An Overview of the Risks of Commodity Options Trading

Founder and CEO Bernie Schaeffer breaks down commodity options risk

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Adding commodity options to your investment portfolio may be used as a method to decrease your overall portfolio risk. Most solid trading brokerages often both equity options and commodity options to clients. Understanding which security is best for you involves an analysis of the risk associated with them. For a beginner who is trying to learn to trade options, learning about the different varieties available in the market is key.

The Myth about Commodity Options

It is a straight-up myth that commodity options are safer than equity options. It is true that the scope for profit in commodity options is unlimited if prices fortuitously skyrocket. However, a prudent trader also knows that potentially unlimited profits can be accompanied by a high level of risk as well.

In order to learn to trade options, one needs to understand which variant is appropriate for his or her investment plan and trading goals. As you learn to trade options, you can diversify your portfolio with both equity options and commodity ones. Equity options are good if you are interested in a short-term play on an equity traded on the U.S. stock market. Commodity options will give you short-term, high-profit gains on a commodity that exists outside of the standard U.S. stock market.

Minimize Risk with Precision Timing

For a commodities trader, it's typically suggested to buy commodity options when the targeted market is at a low. This is because the most predictable course that will follow is that the commodity price will increase and allow the options trader to capitalize exponentially on the increased underlying price. By correctly calling a commodity's bottom, a trader decreases his risk of a losing position. Obviously, it is not set in stone that if prices for commodities are low, they will always subsequently bounce back up. In some circumstances, the commodity's value may decrease even further. However, as there is always a degree of uncertainty in options trading (regardless of the underlying asset), the odds of the trade going against you are always going to be higher than the likelihood of the trade going In the correct direction during the specified timeframe.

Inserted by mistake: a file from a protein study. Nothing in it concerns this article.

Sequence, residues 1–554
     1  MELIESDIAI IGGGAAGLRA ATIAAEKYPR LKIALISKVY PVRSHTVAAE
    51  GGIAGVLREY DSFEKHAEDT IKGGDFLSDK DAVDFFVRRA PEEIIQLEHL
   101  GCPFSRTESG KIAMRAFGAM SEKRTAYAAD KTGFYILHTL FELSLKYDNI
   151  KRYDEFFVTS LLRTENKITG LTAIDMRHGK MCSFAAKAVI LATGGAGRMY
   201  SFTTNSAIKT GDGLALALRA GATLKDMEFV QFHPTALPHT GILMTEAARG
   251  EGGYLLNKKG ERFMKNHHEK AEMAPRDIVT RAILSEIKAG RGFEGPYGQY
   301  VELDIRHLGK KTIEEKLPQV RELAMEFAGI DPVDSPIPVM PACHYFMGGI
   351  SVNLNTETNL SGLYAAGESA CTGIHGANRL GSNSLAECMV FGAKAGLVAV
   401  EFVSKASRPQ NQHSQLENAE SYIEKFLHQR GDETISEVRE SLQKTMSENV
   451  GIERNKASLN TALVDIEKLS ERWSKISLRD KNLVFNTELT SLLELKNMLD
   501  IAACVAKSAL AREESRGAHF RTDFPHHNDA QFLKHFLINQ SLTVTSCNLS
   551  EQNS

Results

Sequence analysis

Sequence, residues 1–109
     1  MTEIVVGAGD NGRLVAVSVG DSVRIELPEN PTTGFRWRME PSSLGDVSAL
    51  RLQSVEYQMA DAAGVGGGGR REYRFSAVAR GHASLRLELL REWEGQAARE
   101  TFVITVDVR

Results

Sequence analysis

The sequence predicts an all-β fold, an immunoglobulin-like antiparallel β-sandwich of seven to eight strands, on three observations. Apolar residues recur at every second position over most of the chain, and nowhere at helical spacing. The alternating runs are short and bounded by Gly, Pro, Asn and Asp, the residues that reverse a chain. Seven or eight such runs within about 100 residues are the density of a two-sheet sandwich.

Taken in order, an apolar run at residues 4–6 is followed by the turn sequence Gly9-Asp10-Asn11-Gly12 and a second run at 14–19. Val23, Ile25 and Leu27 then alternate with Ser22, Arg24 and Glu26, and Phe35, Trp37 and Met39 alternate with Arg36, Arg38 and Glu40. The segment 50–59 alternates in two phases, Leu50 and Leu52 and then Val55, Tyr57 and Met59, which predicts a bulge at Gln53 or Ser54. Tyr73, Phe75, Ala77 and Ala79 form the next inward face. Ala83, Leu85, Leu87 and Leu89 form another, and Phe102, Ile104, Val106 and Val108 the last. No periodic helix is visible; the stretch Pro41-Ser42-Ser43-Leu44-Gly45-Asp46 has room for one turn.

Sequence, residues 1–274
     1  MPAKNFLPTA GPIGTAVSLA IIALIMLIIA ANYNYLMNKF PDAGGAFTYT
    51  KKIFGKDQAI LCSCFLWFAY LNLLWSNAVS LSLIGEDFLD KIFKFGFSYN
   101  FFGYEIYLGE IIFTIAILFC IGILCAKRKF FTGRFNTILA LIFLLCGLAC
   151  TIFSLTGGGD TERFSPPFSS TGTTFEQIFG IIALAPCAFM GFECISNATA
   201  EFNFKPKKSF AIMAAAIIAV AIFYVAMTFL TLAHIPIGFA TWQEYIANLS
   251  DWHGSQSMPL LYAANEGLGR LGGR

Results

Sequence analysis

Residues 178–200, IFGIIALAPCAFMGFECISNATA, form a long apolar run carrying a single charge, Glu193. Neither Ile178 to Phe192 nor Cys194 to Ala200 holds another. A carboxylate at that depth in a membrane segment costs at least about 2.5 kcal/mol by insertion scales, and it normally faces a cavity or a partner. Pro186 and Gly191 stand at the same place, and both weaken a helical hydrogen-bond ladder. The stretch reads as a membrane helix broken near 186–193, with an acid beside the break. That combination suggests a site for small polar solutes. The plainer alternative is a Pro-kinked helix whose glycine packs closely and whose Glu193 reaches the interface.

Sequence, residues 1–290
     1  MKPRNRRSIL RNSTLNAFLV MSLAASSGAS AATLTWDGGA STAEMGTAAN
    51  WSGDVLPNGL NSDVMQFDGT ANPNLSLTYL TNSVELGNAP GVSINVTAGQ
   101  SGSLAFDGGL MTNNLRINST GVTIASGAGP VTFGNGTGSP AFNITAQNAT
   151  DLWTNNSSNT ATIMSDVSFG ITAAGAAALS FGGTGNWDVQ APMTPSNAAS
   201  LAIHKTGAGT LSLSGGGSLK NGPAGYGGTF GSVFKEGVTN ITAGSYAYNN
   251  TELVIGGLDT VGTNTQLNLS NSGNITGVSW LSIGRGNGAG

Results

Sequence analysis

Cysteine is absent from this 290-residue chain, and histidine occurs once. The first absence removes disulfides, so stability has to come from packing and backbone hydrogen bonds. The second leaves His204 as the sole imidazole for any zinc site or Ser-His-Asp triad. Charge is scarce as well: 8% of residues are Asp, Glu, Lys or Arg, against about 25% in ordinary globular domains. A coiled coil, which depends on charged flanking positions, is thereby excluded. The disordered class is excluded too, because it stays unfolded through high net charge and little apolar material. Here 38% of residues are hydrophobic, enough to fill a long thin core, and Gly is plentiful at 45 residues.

It is typically not recommended to buy commodity options when the commodity pricing is near highs. It may seem like an attractive prospect to do so because of the support of price growth, but beware of the forces working behind the commodity market. Since commodities are tangible items directly available to consumers, the market forces of demand and supply regulate the market. If the price of a commodity is extremely high, there is no logical guarantee that the next step is that the commodity price will continue to increase, because the demand and supply principles will stabilize the price. As you learn to trade options, be wary of relying too greatly on momentarily attractive market trends and be sure to have an edge before trading options.

What Level of Risk is Associated with Selling Commodity Options?

The best options trading strategy, whether it is commodity options and/or equity options, is diversification of strategies. Traders can spread out risk by having a variety of long and short options. We understand that most traders choose not to sell commodity options as it exposes the trader to significant risk if the option is assigned to them. However, it's strongly recommended that traders apply the strategy of diversification, aka application of risk management, to the usage commodity options as well.

If a trader writes an option over a relatively stable asset (i.e., the prices of which do not fluctuate), it is highly unlikely that the option will be exercised. This means that the trader keeps getting a premium and the option expires as the holder sees no benefit in exercising it. Contrastingly, it is advisable to buy commodity options when the price of a volatile asset is low. This means that the trader can exercise the option when the price fluctuates and make gains depending on whether he or she has a call or put option open.

Can Commodities be Volatile, Too?

As a general rule of thumb, commodities tend to be less volatile than equities. This is where the idea that commodity options are "safer" than equity options stems from.

However, as we have mentioned above, there are quite a few different kinds of commodities. The risk that an investor is exposed to depends solely on the type of commodity being played. As you learn to trade options, you will realize that no commodity market is completely risk-free. Two of the most commonly traded commodities are crude oil and gold. The global markets for these goods fluctuate the most out of all commodities. As a consequence, the prices at which the commodities are traded in markets also fluctuates and makes them the most volatile commodities.




These investors are using the market's volatility to their advantage and scoring triple-digit gains on many of their trades.

Even in today's sideways bear market, this trading strategy has continued to provide consistency and profitability to a small group of investors. By using this approach, these traders are removing directional risk and still hitting triple-digit returns. If you want access to this strategy, and lower risk with higher returns sounds good to you, then don't wait another minute.

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